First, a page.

This action funds an NSF Postdoctoral Research Fellowship in Biology for FY 2020, Integrative Research Investigating the Rules of Life Governing Interactions Between Genomes, Environment and Phenotypes. The fellowship supports research and training of the Fellow that will contribute to the area of Rules of Life in innovative ways. In nature, many species form partnerships with one or more other species. These 'mutualisms' are widespread and provide key services to ecosystems, including many important economic benefits such as crop pollination. A particularly well studied mutualism is the partnership between a single 'host' plant and multiple insect species. Often the plant interacts with 'good' partners (for example, a bee that spreads plant pollen) but also must deal with 'cheating' partners (such as a 'nectar thief' fly that does not move pollen). In this work, the Fellow will investigate a key question for these types of partnerships: 'How do plants focus investments in good partners while minimizing interactions with cheaters?' This project will help scientists understand whether and how a plant can actively maintain stable partnerships, which is increasingly important as natural habitats become more destabilized by human development. The study will also become a platform for educational outreach programs and an international investigation that will involve collaborations among diverse groups of students and scientists.
The Fellow will address this research topic by performing experiments in the savannas of Kenya, where 'whistling acacia' trees form partnerships with several ant species that range from 'good partners' to 'cheaters'. The Fellow will manipulate the presence of ants on acacias in open savannas and areas that have been fenced off from large herbivores in order to determine plant responses to each ant species and then when teamed with other ant partners. With training from Dr. Elizabeth Pringle (University of Nevada-Reno), the Fellow will measure resulting changes in acacia physiological traits (related to photosynthesis, metabolic processes, and water stress). Training with Drs. Bridgett vonHoldt (Princeton University) and Rebecca Kartzinel (Brown University) will allow the measurement of genomic methylation changes that influence such physiology. These investigations will be used in discovery-based international ecology courses and Kenyan high-school biology courses, thus promoting STEM proficiency for collaborating American and Kenyan students. The Fellow will also construct a greenhouse experiment at the University of Nevada-Reno and mentor first-generation university students in experiments that investigate whether and how the physiological and genomic adjustments by acacias can be inherited by their offspring.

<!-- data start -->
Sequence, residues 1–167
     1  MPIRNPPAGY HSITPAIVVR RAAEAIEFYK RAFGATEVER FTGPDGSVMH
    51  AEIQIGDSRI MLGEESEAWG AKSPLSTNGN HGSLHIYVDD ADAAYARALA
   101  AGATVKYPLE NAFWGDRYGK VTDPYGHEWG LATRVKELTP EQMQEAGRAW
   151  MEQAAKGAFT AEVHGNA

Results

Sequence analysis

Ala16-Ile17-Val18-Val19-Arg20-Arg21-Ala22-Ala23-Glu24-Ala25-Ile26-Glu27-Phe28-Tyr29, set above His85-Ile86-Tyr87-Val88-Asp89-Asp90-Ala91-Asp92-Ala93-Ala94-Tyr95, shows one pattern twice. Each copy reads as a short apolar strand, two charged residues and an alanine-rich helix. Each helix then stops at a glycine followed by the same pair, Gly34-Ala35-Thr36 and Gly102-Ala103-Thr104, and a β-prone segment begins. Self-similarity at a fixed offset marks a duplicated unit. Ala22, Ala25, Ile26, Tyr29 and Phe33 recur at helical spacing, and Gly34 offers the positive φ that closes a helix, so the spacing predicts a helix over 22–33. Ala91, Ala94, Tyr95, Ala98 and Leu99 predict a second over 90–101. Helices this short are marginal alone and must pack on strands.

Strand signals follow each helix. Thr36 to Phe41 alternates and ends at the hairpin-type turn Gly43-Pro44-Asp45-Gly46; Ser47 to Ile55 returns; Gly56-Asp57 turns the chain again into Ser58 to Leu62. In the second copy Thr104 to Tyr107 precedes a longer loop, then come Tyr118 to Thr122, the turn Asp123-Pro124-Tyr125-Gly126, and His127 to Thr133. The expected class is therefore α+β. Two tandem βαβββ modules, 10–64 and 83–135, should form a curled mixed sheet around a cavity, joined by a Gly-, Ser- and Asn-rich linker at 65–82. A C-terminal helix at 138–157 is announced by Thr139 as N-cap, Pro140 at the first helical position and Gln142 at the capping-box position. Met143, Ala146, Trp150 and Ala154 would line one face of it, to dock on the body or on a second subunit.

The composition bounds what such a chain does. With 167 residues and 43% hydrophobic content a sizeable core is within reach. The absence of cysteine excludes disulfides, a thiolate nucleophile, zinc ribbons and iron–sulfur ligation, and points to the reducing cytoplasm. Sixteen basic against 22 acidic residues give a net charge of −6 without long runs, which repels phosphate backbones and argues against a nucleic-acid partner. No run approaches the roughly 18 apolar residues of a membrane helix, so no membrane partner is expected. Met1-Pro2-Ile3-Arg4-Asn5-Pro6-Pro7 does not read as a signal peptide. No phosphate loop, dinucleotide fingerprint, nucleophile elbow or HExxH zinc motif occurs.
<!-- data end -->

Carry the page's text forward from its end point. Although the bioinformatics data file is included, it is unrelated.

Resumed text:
This award reflects NSF's statutory mission and has been deemed worthy of support through evaluation using the Foundation's intellectual merit and broader impacts review criteria.
|Effective start/end date
|1/01/10 → 31/12/24
- United States-Israel Binational Science Foundation (BSF)